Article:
I'm not particularly sure what to say about this book.
Leckie is a fine writer and this series was rich in its world building and concepts, but man, were there pacing issues galore. The first book started off at a slow crawl, but when it picked up it was fun to read. The second book sort of slowed down with time and this third one had one of the slowest opening first acts that I've seen in a while.
I'm all for setting the tone of a book and an author taking his/her/their time to get things rolling, but in a third (and final) book in a series, the scene has already been set, the players and their plans are already in motion. To be frank, I wasn't enjoying the book very much early on, which is saying a lot for a third book in a series where I'm already hooked into the plot and the characters. I put this book aside for about two months before returning to it.
The first book set up the world and the struggle between the Lord[s] of the Radach and Breq. The second book scaled things back to just one planet and its accompanying space station, debates over tea sets, birthrights and a look at how Radach society was so broken. It sort of feels like somewhere along the way Leckie changed her mind as to the scope of this story and became enamored with this planet/station and its inhabitants.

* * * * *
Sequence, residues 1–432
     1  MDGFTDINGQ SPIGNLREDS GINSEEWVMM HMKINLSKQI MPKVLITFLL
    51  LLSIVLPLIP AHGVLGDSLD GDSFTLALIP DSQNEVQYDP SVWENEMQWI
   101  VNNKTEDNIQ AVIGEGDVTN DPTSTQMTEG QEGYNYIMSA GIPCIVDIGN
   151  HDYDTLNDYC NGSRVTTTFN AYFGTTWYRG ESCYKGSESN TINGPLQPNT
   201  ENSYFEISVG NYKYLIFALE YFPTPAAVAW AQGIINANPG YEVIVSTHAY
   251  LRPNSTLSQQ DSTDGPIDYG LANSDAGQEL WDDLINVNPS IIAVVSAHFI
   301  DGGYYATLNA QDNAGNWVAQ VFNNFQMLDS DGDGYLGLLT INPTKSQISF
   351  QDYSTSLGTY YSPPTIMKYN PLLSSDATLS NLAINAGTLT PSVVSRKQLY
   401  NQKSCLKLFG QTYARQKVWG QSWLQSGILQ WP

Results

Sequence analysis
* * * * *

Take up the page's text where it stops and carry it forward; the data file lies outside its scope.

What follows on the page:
So this giant, sprawling empire drama is scaled back to just having one system that matters and magically everything just kind of happens there and the main focus moves on to the morality of artificial intelligence and humanity. Breq is, of course, essentially an unshackled AI, so it wasn't exactly a jarring transition, but that focus led to a lot of loose strands in the story that were never resolved.
People either seem contented with the rather subdued ending or upset at how the scope was scaled back so much. I didn't mind it and thought that it was clever enough, but that it really sort of came out of nowhere. Breq is an amazingly all-seeing, all-knowing AI-ship-in-a-human-body yet the reader sees very little of what goes on inside of her mind at times. This means that for some of the plot the reader will have a clear idea of what Breq is trying to accomplish, while at other times it's obfuscated for what appears to be the reason of keeping the reader in suspend. The reader is just to understand that Breq is great at everything and will just kinda figure stuff out without much insight or foresight.
That could be why the ending felt so sudden and convenient. As a reader I wanted insight into what was being planned, for tension to be created by what was happening, instead I was left in the dark and – SURPRISE – most of it didn't really matter. Weird AI cores that seemed integral to the plot? Who cares who left them there, what they were programmed for, why they were hidden and what the Lord of Radach had in store for them? Sigh.
Once this book got going it was easy to keep reading it, but man, did it take forever to get to that point. Leckie's writing style is clean and accessible, with some of the awkwardness of the first book no longer there (although I did chuckle at the return of “gestured” near the end of this book), making it a fun read once the initial slog of tea sets and tea and tea and tea are over from the first act. Overall, this was an enjoyable read and any complaint that I have is simply because I was expecting more and truly do believe that we'll see better from Leckie in the future.